Two more Army distance runners earned berths in the Rio Olympic Games during the final weekend of the 2016 U.S. Olympic Track and Field Trials at Hayward Field.
Sgt. Hillary Bor of Fort Carson, Colorado finished runner-up to Evan Jager in the men’s 3,000-meter steeplechase on Friday, July 8, with a time of 8 minutes, 24.10 seconds.
Spc. Paul Chelimo, a distance runner in the Army World Class Athlete Program, finished third in the men’s 5,000-meter run with a time of 13 minutes, 35.92 seconds on Saturday, July 9.
Five-time Olympian Bernard Lagat, 41, passed Chelimo in the final 80 meters to win with a time of 13:35.50, followed by Hassan Mead in 13:35.70. Chelimo (13:35.92) held off Eric Jenkins (13:35.98) and Ben True (13:36.40) to punch his ticket to Rio de Janeiro.
Chelimo and Kipchirchir were two of several runners, including meet record-holder Galen Rupp, who set the pace for much of the 5,000-meter chase.
“I knew that it might go like that,” Chelimo said. “Fighting for one spot, you don’t want to take any risks. I just tried to stay relaxed, but when I got to the last lap, I was like, ‘You know what, let it be what it can be.’ I just decided to go all the way out and push the last 400 and see where I’m going to get.”
Chelimo appeared to have the victory in hand coming off the final curve, but Lagat, 41, blew past him in the homestretch, with Mead in tow.
“When I got to like 50 meters to go, the bear grabbed on my back,” Chelimo said. “I tried pushing but my legs gave up. … I didn’t have enough to finish strong, but I made the team, and that was the big goal.”
“It was an entertaining race, wasn’t it?” said WCAP distance running coach Dan Browne. “From a mile to go until the last 800, I was like, ‘Relax, Chelimo, you’ve got to relax.’ I was just concerned that he had done a lot of work — leading the charge — to try and break it up.
“I knew how bad he wanted it because all his other teammates had made the Olympic team,” Browne said. “I could see it in his eyes.”
Spcs. Shadrack Kipchirchir and Leonard Korir earned their spots on the Olympic team by finishing second and third, respectively, in the 10,000-meter run on July 1.
Army World Class Athlete Program Staff Sgt. John Nunn earned his spot on the U.S. Olympic Team by winning the 50 kilometer Race Walk Trials in January. He won the 20-kilometer race walk at the Olympic Trials as well.
Chelimo, a native of Iten, Kenya, who ran for the University of North Carolina at Greensboro before joining the Army, was just glad to have met his goal.
“It’s always tough for the guy who is trying to cover all the moves,” Chelimo said. “I think that wore me out a bit, but all in all my goal was to qualify and call myself an Olympian. Actually, my main goal was to represent the United States, and being an Olympian is the best way to represent the United States.”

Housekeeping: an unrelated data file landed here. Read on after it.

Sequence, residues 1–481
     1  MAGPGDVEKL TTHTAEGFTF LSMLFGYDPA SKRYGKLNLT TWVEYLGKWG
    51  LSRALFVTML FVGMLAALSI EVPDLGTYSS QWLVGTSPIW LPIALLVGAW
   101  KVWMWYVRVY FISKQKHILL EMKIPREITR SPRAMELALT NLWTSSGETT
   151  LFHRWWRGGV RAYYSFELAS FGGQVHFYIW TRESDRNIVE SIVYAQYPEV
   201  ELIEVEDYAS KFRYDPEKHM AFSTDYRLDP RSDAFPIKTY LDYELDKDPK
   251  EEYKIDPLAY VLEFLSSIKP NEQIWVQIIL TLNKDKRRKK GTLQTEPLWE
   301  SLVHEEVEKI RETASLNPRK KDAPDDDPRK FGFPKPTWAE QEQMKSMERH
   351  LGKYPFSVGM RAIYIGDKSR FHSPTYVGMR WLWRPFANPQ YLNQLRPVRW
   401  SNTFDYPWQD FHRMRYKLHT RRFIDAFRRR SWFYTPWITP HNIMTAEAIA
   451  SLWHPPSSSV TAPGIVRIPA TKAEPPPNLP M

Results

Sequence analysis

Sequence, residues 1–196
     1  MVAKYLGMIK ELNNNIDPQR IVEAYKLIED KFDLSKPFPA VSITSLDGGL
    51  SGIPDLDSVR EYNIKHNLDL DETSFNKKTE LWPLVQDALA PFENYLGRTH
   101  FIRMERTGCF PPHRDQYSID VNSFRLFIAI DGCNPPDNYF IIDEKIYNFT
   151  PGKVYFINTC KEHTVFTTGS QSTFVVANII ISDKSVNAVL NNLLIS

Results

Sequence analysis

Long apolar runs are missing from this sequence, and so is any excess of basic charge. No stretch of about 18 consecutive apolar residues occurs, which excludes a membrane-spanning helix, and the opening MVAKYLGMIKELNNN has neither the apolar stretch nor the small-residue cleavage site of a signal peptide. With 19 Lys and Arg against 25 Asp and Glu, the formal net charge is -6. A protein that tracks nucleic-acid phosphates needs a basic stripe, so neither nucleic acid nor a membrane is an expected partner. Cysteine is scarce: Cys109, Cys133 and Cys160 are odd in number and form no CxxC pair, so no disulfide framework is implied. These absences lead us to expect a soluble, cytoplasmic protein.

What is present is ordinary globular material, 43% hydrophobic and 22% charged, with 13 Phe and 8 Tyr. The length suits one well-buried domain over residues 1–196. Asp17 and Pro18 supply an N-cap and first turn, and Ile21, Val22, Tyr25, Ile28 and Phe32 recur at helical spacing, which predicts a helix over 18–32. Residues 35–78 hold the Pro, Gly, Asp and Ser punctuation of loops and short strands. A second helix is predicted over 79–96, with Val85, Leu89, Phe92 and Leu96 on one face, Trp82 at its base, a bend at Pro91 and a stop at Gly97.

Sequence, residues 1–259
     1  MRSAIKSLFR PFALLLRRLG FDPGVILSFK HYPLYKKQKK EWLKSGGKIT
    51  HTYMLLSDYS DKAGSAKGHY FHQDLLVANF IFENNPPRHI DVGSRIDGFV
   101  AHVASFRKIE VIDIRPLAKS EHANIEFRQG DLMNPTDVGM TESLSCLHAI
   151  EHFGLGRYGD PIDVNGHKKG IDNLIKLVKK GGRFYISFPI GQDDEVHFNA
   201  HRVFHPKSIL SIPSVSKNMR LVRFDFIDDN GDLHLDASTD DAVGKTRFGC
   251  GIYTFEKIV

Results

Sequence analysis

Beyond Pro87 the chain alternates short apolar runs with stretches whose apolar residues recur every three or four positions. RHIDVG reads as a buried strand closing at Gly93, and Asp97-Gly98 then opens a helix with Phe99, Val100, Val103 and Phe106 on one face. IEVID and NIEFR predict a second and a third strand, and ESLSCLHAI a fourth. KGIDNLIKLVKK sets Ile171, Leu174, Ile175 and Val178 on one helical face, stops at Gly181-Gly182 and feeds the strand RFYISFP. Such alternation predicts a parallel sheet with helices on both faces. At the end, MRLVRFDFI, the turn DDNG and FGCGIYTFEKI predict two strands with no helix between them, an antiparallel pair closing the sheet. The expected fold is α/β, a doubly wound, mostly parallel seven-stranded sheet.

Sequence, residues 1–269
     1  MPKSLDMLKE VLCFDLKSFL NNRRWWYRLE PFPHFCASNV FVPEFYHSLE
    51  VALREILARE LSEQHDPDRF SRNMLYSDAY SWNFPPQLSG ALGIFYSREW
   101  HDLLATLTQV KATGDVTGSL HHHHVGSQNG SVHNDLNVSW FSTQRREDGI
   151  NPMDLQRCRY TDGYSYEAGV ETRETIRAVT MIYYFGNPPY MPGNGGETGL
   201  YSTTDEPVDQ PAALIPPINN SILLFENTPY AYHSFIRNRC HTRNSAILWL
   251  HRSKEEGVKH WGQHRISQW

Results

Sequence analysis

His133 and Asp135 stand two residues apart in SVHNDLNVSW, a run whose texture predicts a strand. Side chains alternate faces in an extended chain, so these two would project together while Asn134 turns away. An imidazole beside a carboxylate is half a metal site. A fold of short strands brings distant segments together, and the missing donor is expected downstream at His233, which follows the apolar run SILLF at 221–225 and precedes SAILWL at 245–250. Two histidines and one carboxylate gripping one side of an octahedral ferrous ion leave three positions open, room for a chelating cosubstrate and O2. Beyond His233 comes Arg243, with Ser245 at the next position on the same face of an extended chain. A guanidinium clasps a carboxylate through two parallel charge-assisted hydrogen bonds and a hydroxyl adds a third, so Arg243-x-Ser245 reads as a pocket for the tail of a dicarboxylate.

Bor helped the All-Army Team win the 2016 Armed Forces Cross Country Championship at Bend, Oregon.
“I was not running when I joined the military, and then I started running for fun just to represent the Army at the Army 10-miler and in cross country,” said Bor, who became a naturalized American citizen in 2013 after graduating from Iowa State University as a four-time NCAA all-American steeplechaser. “Last year is when I thought I had a chance (at making the U.S. Olympic Team).”
In Eugene, Bor waited until the final 800 meters to make his move.
“I didn’t want to follow close to the leader, but I wanted to make sure I had enough space that, when I made a move, that I was able to close,” he said. “The last 200 meters I realized that three of the guys in front of me weren’t moving that fast, so I just tried to push the last 200 meters.”
Bor was not mentioned in most media projections of pre-Olympic Trials favorites to earn berths on Team USA, but he refused to stop Olympic dreaming.
“You always expect, but I wasn’t trusting that I was going to make the team,” he said. “I worked very hard training from 6 to 9:30 a.m., and then I go to work from 9:30 a.m. to 5 p.m. I’ve done that for the last seven weeks when my unit told me to just relax and train for the trials.”
Bor’s resilience paid dividends in Eugene.
“It’s a long process,” he said. “I train with coach Simmons in Colorado Springs and we started doing long tempo runs and a lot of running. In 2014, I ran 8:38. it wasn’t a good year. Last year, I ran 8:45 — it wasn’t a good year. And coming in this year, I was actually scheduled to deploy with my unit, but my (Army) brothers deployed instead of me.
“That changed my mindset, that I needed to work out, because you don’t take anything for granted,” Bor added. “I started training hard, and I realized that I had a chance.”
Bor said he would not have been competing in Eugene if wasn’t a Soldier in the Army.
“It’s a privilege,” he said. “I can’t believe I’m going to the Olympics. My body is still trembling. It’s exciting.”
Bor has time to improve before toeing the line in Rio de Janeiro.
“We still have one month now to get ready,” he said. “I don’t think I’m in as good shape as I wanted to be, so hopefully things are going to be better.”
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